Tutorial: How To Laminate DIY Book Covers [VIDEO]
Creating laminated covers for your DIY bookbinding projects requires nothing more than an inexpensive hot laminating machine and a simple trick to keep the laminate only on one side of the paper. The process involves creating covers two at a time.
I have tried a number of options for creating a laminated book cover over the years. My first option was using a sprayed-on coating. This was very messy and smelled bad. The results were okay, but they didn’t provide the professional look I was after. Next I tried cold laminating film. This was very fiddly to work with and the laminate started to separate from the paper almost immediately. After I invested a few dollars to purchase a hot laminating machine (they are very inexpensive these days) I would never bother with another technique.
Products Used In Tutorial:
Do you know a better technique for laminating covers or a suggestion for a future tutorial? Leave a comment below, I’d love to hear from you!
How To Create Paperback Book Covers For Your Self-Published Books | DIY Bookbinding
February 2, 2018 @ 9:37 pm
[…] out this new revised tutorial on Heat Laminating Book Covers – a BIG […]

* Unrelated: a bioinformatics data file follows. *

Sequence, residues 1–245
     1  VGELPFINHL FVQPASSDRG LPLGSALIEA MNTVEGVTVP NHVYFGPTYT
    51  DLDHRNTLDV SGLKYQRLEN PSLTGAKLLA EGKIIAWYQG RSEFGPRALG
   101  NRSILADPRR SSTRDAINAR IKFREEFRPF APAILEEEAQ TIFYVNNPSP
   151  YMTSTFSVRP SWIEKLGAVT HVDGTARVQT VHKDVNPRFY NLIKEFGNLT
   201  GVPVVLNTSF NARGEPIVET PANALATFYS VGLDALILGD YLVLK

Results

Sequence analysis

September 28, 2020 @ 1:01 pm
We have one laminator for a school that has PreK – 8th grade. No one is exactly sure how old it is, just that’s its an archaic dinosaur. It is difficult to use – changing rolls is beyond troublesome; heating up takes forever, etc. We desperately need a new laminator!
October 8, 2020 @ 8:26 pm
Large roll laminators are tricky beasts. I have access to one at work, but never use it because of the effort involved. It takes forever to heat up (you are 100% right about that) and you have to be very careful to set the correct temp based on the film you are using. It also tends to jam very easily. If you aren’t careful the outfeed curls under the unit and feeds back into the lower film roll and then you have to cut everything out and re-thread the film – that is another difficult task. Beyond the inconveniences, the unit is huge, heavy, and requires a lot of workspace.
If you have lots of laminating to do, or need to laminate very large surfaces, these beasts are worth the effort and cost. But, I was very happy to find an affordable pouch laminator that works with tabloid size paper. It cost a fraction of the price for the big roll units and handles everything I need to do.
May 21, 2022 @ 1:41 pm
What is that tool you were creasing with? Where can I find one?
March 15, 2023 @ 3:23 am
I use a bone folder to crease the paper. It’s a great little tool – I have a couple of them!